Part I Overview Information


Department of Health and Human Services

Participating Organizations
National Institutes of Health (NIH), (http://www.nih.gov)

Components of Participating Organizations
NIH Blueprint for Neuroscience Research (http://neuroscienceblueprint.nih.gov)
National Center for Complementary and Alternative Medicine (NCCAM), (http://www.nccam.nih.gov/)
National Center for Research Resources (NCRR), (http://www.ncrr.nih.gov/)
National Eye Institute (NEI), (http://www.nei.nih.gov/)
National Institute on Aging (NIA), (http://www.nia.nih.gov/)
National Institute on Alcohol Abuse and Alcoholism (NIAAA), (http://www.niaaa.nih.gov/)
National Institute of Biomedical Imaging and Bioengineering (NIBIB), (http://www.nibib.nih.gov/)
National Institute of Child Health and Human Development (NICHD), (http://www.nichd.nih.gov/)
National Institute on Drug Abuse (NIDA), (http://www.nida.nih.gov/)
National Institute on Deafness and Other Communication Disorders (NIDCD), (http://www.nidcd.nih.gov/)
National Institute of Dental and Craniofacial Research (NIDCR), (http://www.nidcr.nih.gov/)
National Institute of Environmental Health Sciences (NIEHS), (http://www.niehs.nih.gov/)
National Institute of General Medical Sciences (NIGMS), (http://www.nigms.nih.gov/)
National Institute of Mental Health (NIMH), (http://www.nimh.nih.gov/)
National Institute of Neurological Disorders and Stroke (NINDS), (http://www.ninds.nih.gov/)
National Institute of Nursing Research (NINR), (http://ninr.nih.gov/ninr/)
Office of Behavioral and Social Sciences Research (OBSSR), (http://obssr.od.nih.gov/)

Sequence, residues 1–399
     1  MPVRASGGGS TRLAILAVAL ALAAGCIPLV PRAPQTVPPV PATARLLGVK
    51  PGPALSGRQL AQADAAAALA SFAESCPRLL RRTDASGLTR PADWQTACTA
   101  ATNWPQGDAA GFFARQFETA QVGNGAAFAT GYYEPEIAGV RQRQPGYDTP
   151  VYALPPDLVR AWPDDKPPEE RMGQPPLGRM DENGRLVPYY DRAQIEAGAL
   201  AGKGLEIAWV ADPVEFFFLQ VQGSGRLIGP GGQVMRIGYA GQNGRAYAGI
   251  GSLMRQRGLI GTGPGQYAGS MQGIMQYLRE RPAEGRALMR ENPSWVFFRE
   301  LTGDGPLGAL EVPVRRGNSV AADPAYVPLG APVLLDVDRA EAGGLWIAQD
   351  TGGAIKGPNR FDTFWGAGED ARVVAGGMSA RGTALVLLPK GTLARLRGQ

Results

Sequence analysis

Title: Centers for Evaluation of Neurodevelopmental Antibodies (CENA, U24)

Announcement Type
New

Request For Applications (RFA) Number: RFA-NS-08-005

Catalog of Federal Domestic Assistance Number(s)
93.213, 93.389, 93.867, 93.866, 93.273, 93.286, 93.865, 93.173, 93.121, 93.279, 93.894, 93.859, 93.242, 93.853, 93.361   

Key Dates
Release Date:  December 13, 2007
Letters of Intent Receipt Date: January 15, 2008
Application Receipt Date: February 15, 2008
Peer Review Date(s): April/May 2008
Council Review Date(s): August 2008
Earliest Anticipated Start Date: September 30, 2008
Additional Information To Be Available Date (Url Activation Date): Not applicable
Expiration Date: February 16, 2008

Due Dates for E.O. 12372
Not Applicable

Additional Overview Content

Executive Summary

Table of Contents


Part I Overview Information

Part II Full Text of Announcement

Section I. Funding Opportunity Description
  1. Research Objectives

Section II. Award Information
  1. Mechanism(s) of Support
  2. Funds Available

Section III. Eligibility Information
  1. Eligible Applicants
    A. Eligible Institutions